Google’s Android Auto Under Fire For Alleged Privacy Invasion


Google’s Android Auto Under Fire For Alleged Privacy Invasion

Google is trying to eliminate public fears about its Android Auto platform after a magazine stated that it was an invasion of privacy.

The automotive magazine Motor Trend recently published an article that stated that Porsche decided not to utilize Android Auto in its 2017 Porsche 911 due to the fact that the platform requires automobiles to send large amounts of usage data to Google.

According to the author of the article, Jonny Lieberman, in order for car manufacturers to use the program, select pieces of data would be required to be collected and sent to Google. This data includes things like vehicle speed, throttle position, coolant levels and engine temperatures.

Lieberman said that Google requires a “complete OBD2 dump” upon activating Android Auto.

The article went on to state that Apple’s in-car platform, CarPlay, only requests information regarding whether or not the vehicle is moving while Apple Play is being used. Unlike Android Auto, CarPlay will be utilized in the 2017 Porsche 911.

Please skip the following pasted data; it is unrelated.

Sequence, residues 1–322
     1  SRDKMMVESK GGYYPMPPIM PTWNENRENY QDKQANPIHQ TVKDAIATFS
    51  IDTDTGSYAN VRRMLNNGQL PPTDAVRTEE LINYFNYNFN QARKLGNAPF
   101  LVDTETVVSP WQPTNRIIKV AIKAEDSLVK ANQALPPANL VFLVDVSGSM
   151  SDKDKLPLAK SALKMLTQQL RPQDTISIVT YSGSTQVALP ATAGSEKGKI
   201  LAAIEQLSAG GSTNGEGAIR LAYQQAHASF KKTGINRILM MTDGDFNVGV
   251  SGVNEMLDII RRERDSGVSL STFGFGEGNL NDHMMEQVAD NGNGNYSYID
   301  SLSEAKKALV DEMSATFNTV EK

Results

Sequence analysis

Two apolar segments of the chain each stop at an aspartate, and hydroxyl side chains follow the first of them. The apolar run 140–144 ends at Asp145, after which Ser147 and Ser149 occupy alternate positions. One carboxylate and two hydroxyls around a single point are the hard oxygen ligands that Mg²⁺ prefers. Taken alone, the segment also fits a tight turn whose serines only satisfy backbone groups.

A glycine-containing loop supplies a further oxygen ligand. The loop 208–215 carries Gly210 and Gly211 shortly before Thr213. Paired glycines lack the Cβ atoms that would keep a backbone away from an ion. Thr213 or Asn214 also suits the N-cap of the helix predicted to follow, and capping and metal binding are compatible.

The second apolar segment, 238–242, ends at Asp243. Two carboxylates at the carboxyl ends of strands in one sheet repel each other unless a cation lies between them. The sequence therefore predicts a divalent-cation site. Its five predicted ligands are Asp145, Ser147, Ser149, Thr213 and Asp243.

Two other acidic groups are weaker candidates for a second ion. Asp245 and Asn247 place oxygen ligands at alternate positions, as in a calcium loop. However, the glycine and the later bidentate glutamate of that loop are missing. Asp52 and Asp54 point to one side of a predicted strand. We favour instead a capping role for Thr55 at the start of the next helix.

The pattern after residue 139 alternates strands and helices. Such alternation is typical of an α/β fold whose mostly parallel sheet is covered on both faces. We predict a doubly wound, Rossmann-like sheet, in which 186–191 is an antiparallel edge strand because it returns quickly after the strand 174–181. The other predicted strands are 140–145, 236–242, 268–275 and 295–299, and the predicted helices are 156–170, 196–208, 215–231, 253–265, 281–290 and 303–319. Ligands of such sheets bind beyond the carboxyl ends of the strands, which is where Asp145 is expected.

Google is outraged by these reports, as the company claims that it does not collect all the data stated by the magazine.

Google said in a statement, “We take privacy very seriously and do not collect the data the Motor Trend article claims such as throttle position, oil temp and coolant temp. Users opt in to share information with Android Auto that improves their experience, so the system can be hands-free when in Drive, and provide more accurate navigation through the car’s GPS.”

According to Google, Android Auto shares GPS data with a linked Android smartphone for the purpose of improving location accuracy. The platform also shares data regarding whether the car is currently in park or drive in order to display either an on-screen keyboard or to activate a voice control system.

Of course when Google produces its own car, it can utilize whatever features it wants. The Google driverless car is expected to be available to the public by 2020.

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